... In addition to measuring cognitive ability, the credibility of the response set was continuously monitored using embedded validity indicators. Administering multiple performance validity tests (PVTs) throughout the assessment is consistent with established guidelines in clinical neuropsychology (Boone, 2009;Bush, Heilbronner, & Ruff, 2014;Schutte, Axelrod, & Montoya, 2015), and continues to be supported by recent empirical evidence (Critchfield et al., 2019;Erdodi, Tyson et al., 2018;Lichtenstein et al., 2018a;Schroeder, Olsen, & Martin, 2019). Free-standing PVTs were designed explicitly to evaluate the credibility of a response set and, therefore, have been considered the gold standard instruments. ...
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This observational study examined the acute cognitive effects of cannabis. We hypothesized that cognitive performance would be negatively affected by acute cannabis intoxication. Twenty-two medical cannabis patients from Southwestern Ontario completed the study. The majority (n = 13) were male. Mean age was 36.0 years, and mean level of education was 13.7 years. Participants were administered the same brief neurocognitive battery three times during a six-hour period: at baseline (“Baseline”), once after they consumed a 20% THC cannabis product (“THC”), and once again several hours later (“Recovery”). The average self-reported level of cannabis intoxication prior to the second assessment (i.e., during THC) was 5.1 out of 10. Contrary to expectations, performance on neuropsychological tests remained stable or even improved during the acute intoxication stage (THC; d: .49−.65, medium effect), and continued to increase during Recovery (d: .45−.77, medium-large effect). Interestingly, the failure rate on performance validity indicators increased during THC. Contrary to our hypothesis, there was no psychometric evidence for a decline in cognitive ability following THC intoxication. There are several possible explanations for this finding but, in the absence of a control group, no definitive conclusion can be reached at this time.
... In a recent study with a mixed clinical sample of 234 adult outpatients, Erdodi (2019) demonstrated that the similarity in predictor and criterion PVTs (e.g., in terms of sensory modality, cognitive domain, and/or testing paradigm) influenced classification accuracy. This phenomenon was termed the modality specificity effect and was subsequently replicated in a number of investigations (Erdodi, Hurtubise, et al., 2018;Erdodi, Kirsch, Sabelli, & Abeare, 2018;Erdodi, Tyson, et al., 2018), although isolated exceptions (i.e., where the match between the predictor and criterion PVT was orthogonal to classification accuracy) were also reported . ...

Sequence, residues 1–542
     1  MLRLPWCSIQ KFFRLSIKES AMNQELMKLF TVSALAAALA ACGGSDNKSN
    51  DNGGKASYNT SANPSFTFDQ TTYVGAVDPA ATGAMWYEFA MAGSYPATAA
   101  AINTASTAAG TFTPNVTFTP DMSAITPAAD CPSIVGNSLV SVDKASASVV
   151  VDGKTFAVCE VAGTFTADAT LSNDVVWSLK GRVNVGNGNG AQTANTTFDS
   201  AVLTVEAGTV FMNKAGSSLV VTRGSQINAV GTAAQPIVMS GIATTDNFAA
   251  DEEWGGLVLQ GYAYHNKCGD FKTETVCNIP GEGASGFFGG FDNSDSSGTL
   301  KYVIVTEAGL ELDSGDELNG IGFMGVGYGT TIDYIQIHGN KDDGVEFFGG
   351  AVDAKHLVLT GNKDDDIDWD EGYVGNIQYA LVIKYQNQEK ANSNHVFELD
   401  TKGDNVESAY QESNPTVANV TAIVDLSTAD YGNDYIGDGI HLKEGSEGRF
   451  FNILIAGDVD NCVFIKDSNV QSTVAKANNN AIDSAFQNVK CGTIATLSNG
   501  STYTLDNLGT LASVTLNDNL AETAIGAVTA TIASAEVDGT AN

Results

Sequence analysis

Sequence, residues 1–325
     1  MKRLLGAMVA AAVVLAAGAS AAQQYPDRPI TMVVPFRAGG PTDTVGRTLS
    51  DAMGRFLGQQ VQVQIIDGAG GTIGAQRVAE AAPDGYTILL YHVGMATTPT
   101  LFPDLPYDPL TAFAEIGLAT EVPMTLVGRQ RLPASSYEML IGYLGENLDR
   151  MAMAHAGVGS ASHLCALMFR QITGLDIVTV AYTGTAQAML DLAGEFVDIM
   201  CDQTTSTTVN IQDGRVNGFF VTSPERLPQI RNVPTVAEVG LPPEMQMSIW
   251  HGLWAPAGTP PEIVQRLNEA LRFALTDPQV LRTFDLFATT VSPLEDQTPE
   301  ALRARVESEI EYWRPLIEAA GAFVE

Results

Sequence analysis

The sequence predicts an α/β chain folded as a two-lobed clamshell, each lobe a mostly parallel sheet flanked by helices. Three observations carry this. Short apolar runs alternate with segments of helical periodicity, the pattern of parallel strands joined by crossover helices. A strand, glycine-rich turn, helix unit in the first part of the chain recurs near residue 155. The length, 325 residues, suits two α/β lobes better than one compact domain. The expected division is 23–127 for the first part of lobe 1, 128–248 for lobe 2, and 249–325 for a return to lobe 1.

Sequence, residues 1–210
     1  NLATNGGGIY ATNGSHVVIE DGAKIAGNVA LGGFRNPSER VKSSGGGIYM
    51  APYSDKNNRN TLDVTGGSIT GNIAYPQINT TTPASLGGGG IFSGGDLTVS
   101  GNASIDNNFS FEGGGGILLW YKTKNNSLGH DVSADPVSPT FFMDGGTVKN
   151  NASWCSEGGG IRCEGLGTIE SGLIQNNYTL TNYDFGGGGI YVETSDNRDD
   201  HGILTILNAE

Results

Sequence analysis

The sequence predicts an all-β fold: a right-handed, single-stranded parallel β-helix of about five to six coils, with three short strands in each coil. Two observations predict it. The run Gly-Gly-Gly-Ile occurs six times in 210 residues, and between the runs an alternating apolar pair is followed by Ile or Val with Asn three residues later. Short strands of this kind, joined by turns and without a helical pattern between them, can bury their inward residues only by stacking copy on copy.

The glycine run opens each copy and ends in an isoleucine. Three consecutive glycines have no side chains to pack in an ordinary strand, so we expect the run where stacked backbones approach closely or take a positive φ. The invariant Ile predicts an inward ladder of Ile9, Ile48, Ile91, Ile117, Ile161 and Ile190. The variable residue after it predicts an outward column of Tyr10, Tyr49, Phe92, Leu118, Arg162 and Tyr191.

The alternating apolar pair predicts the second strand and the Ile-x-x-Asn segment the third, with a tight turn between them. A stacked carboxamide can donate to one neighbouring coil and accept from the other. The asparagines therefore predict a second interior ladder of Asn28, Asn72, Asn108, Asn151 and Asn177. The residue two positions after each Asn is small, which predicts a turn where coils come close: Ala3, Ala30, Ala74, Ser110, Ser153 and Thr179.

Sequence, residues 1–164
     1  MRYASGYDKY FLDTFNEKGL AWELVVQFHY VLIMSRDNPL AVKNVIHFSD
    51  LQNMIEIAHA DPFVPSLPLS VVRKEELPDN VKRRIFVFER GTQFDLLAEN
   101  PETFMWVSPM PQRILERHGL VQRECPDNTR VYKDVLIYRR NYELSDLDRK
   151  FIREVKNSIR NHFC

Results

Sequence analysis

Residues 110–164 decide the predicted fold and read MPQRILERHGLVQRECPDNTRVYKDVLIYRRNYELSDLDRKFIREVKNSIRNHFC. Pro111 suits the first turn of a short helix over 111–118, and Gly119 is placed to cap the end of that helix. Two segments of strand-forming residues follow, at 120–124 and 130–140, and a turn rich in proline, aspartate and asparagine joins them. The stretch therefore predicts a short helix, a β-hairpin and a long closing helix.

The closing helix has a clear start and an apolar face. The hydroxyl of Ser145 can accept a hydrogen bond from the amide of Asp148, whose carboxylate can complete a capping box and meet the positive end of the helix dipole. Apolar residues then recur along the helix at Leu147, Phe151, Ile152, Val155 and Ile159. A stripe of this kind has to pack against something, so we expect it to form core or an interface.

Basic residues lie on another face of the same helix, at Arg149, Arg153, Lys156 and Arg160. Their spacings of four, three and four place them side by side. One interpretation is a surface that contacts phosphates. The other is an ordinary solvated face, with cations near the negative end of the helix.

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This study was designed to examine the effect of various criterion measures on the classification accuracy of Trial 1 of the Test of Memory Malingering (TOMM-1), a free-standing performance validity test (PVT). Archival data were collected from a case sequence of 91 (MAge = 42.2 years; MEducation = 12.7) patients clinically referred for neuropsychological assessment. Trials 2 and Retention of the TOMM, the Word Choice Test, and three validity composites were used as criterion PVTs. Classification accuracy varied systematically as a function of criterion PVT. TOMM-1 ≤ 43 emerged as the optimal cutoff, resulting in a wide range of sensitivity (.47–1.00), with perfect overall specificity. Failing the TOMM-1 was unrelated to age, education or gender, but was associated with elevated self-reported depression. Results support the utility of TOMM-1 as an independent, free-standing, single-trial PVT. Consistent with previous reports, the choice of criterion measure influences parameter estimates of the PVT being calibrated. The methodological implications of modality specificity to PVT research and clinical/forensic practice should be considered when evaluating cutoffs or interpreting scores in the failing range.
... Although this suggests that TMT validity cutoffs, especially the derivative indices, may be less sensitive to aspects of invalid performance that are responsible for the commonly observed reverse dose-response relationship, they also have the benefit of not being sensitive to genuine impairment. This finding is consistent with previous reports (Arnold et al., 2005;Erdodi, Tyson, et al., 2018;Jasinski, Berry, Shandera, & Clark, 2011). The variability in the signal detection profile across samples occasionally leads to accidental discoveries that reaffirm the utility of derivative EVIs (Axelrod, Meyers, & Davis, 2014;Dean, Victor, Boone, Philpott, & Hess, 2009;Glassmire, Wood, Ta, Kinney, & Nitch, 2019). ...